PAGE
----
Break On Through (Schopenhauer) to the Other Side!

O sweet & deadly nihilism, what cruel beauty…
Of the four flavors of psychological states,
Three intoxicants are poisonous
Naturally & culturally, individually & socially!

First venomous flavor is the cockcrow
Of arrant meaninglessness–
A failure of Grand Purpose,
Promises a bitter aftertaste of 
Discouragement & melancholia!

Second rancorous flavor is the faith
In some conjectural Everything, a great Chain of Being;
A cosmic guarantor of infinite worth!
Woe unto he who loses his faith,
for he loses his own self-worth too!

Third malignant flavor is the visceral gasp
At the infinite flux, absent a safe respite;
Nothing to do but condemn all
For the sake of some Cloud Cuckoo Land,
That has no staying power whatsoever!

And the Fourth flavor? Curiously,
Neither aim, nor unity, nor Being apply!
Nothing left but a brand new tomorrow
Freed of crumbling relics & monuments of yesteryear!
Freed at last to create new selves, new worlds, new futures!

The Sense of Absurd in Schopenhauer’s Philosophy [English translation]

schopenhauer by thanatologist

I have attached my working English translation of Clemet Rosset’s essay on Schopenhauer, The Sense of Absurd in Schopenhauer’s Philosophy. Rosset has emphasized the concept of absurdity as the chief intuition of Schopenhauer. In this fashion, Rosset has gone beyond the level of explaining odd or strange behavior, and to the root of existence itself. Therefore, to assess the strangeness of existence as a blind, ceaseless will also helps in the assessment of its particular manifestations, we ourselves as individuals.

In this essay, Rosset establishes Schopenhauer as the father of the concept of the Absurd that gained widespread circulation in mid-20th century French literature. As a French theoretician of postmodernity, Rosset pulled off a difficult job in summarizing Schopenhauer without sacrificing the 19th century German thinker’s profundity and relevance for today.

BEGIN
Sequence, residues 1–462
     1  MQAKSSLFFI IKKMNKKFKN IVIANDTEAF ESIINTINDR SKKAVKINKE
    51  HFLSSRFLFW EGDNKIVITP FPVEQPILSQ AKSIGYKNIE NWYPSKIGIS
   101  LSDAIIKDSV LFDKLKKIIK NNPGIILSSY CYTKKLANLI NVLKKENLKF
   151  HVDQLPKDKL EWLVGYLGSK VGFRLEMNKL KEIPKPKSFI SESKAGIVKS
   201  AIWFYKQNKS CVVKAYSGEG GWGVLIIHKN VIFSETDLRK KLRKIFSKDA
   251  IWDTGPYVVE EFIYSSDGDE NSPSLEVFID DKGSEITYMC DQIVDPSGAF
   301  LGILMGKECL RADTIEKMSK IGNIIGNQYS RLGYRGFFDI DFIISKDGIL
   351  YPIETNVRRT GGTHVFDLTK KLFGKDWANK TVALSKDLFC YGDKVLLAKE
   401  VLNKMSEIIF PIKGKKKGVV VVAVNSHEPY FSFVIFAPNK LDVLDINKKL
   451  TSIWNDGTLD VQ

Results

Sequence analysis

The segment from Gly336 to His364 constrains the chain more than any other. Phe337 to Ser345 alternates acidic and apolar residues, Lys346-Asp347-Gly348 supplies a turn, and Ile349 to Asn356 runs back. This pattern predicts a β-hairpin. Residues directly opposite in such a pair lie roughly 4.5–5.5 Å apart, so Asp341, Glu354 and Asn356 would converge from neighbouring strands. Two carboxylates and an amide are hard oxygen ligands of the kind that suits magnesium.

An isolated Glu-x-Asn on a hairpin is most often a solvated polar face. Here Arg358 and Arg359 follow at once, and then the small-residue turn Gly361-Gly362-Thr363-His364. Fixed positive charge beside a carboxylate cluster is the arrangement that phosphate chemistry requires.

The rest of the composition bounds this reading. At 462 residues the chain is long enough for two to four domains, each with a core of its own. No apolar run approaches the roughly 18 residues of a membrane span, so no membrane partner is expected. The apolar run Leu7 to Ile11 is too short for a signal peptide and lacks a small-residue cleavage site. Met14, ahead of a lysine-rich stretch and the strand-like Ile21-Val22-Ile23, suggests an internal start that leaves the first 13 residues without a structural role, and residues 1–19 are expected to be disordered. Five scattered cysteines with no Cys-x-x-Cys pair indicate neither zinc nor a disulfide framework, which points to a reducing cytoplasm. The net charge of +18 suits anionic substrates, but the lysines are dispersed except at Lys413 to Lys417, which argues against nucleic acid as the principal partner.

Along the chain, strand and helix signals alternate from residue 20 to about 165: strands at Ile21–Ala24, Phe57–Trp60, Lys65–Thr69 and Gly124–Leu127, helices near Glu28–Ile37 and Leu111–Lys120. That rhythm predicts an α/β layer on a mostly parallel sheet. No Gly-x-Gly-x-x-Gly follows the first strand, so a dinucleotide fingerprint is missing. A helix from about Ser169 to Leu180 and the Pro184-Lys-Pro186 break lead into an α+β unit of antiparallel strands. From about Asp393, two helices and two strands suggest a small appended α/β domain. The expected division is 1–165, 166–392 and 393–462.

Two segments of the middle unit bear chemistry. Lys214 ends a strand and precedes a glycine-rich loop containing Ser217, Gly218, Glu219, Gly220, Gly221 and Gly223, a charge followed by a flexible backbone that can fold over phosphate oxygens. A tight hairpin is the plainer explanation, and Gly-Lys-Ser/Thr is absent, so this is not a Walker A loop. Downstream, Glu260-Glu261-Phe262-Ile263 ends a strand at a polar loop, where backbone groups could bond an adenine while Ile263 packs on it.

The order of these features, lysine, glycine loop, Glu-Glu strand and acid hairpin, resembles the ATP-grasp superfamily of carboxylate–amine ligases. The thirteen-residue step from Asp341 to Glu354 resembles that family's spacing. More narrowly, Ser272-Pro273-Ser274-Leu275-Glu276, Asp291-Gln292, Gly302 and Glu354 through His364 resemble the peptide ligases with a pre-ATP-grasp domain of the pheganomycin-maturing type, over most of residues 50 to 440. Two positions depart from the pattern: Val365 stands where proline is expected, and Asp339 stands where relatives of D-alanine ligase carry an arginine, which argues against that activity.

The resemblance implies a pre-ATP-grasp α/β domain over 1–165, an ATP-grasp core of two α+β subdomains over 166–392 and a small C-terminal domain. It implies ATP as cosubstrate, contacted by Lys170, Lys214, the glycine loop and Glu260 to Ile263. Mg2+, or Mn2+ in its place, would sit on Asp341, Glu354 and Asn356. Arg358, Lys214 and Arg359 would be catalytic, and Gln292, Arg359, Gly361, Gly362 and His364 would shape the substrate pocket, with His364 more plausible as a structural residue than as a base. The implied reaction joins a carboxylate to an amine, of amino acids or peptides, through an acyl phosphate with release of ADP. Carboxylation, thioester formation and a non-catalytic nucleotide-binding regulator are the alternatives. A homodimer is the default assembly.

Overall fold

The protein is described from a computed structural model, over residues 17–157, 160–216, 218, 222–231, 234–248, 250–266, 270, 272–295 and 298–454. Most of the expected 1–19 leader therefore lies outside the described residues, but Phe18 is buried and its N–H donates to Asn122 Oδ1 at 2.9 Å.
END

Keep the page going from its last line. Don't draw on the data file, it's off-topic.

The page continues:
sense of absurd in schopenhauer rosset english

Philosophy Can [Not] Change You

If philosophy cannot guide our conduct, much less change behavior, then why should we bother read philosophy at all? Curiosity, perhaps? If philosophy can help guide conduct, then let’s look at conduct. At the bare minimum, our actions are the result of character, which is what we fundamentally will as motivation. Then it follows that a change in motives will result in a change in action. Then it is reasonable that philosophy can at least produce a change in the information we have about the world that is relevant to how we act.

Continue reading Philosophy Can [Not] Change You

Master Vice: Hypocrisy

In this blog I will analyze how hypocrisy is a master vice that includes three of the new seven deadly vices – humility, self-deception and prudery.

Hypocrisy is the respect vice pays virtue. – La Rochefoucauld

Hypocrisy is essentially an action where one pretends to hold clear and recognized set of values or attitudes but actually doesn’t. Despite choosing vice, the hypocrite understands that virtue is superior and assumes its facade. Therefore, the hypocrite is not being dishonest about good or evil, but rather himself. Continue reading Master Vice: Hypocrisy

“Consciousness… the dagger in the flesh.” An essay on Cioran

Cioran, by Awet Moges

After 7 years, I was burned out by philosophy, yet I continued to haunt the philosophy section in search for anything radical and profound. Amidst the expected titles commonly found at any bookstore, sat A Short History of Decay. I pulled it off the shelf in the faint hopes of killing time until the cigar shop opened in 20 minutes. After a couple of hours disappeared savoring the salacious prose, I begrudgingly closed the book and hurried to the checkout counter, cackling in glee in the wonderful fortune of uncovering a new thinker that spoke blasphemous music to my eyes.

Continue reading “Consciousness… the dagger in the flesh.” An essay on Cioran

Does pleasure consists of positive existence?


How can pleasure “lack” positive existence? It is indeed the case that our simple common sense seem to attribute positive experience to pleasure and negative experience to pain, that they are the opposite ends of a sliding scale of experience. Continue reading Does pleasure consists of positive existence?

“Pride does not wish to owe, and vanity does not wish to pay”

La Rochefoucauld

Regarding my previous entry, most people fail to address the force of the argument, which depends on the assessment of pain and pleasure. The insinuation, little more than a cheap handwave, that people who get bored are not creative is easily contradicted by the facts of life. The most creative people i know are also the ones most prone to boredom, (the sharper the intellect, the worse the boredom) more than likely because their intelligence is not so easily satisfied. Creativity provides no immunity to boredom whatever.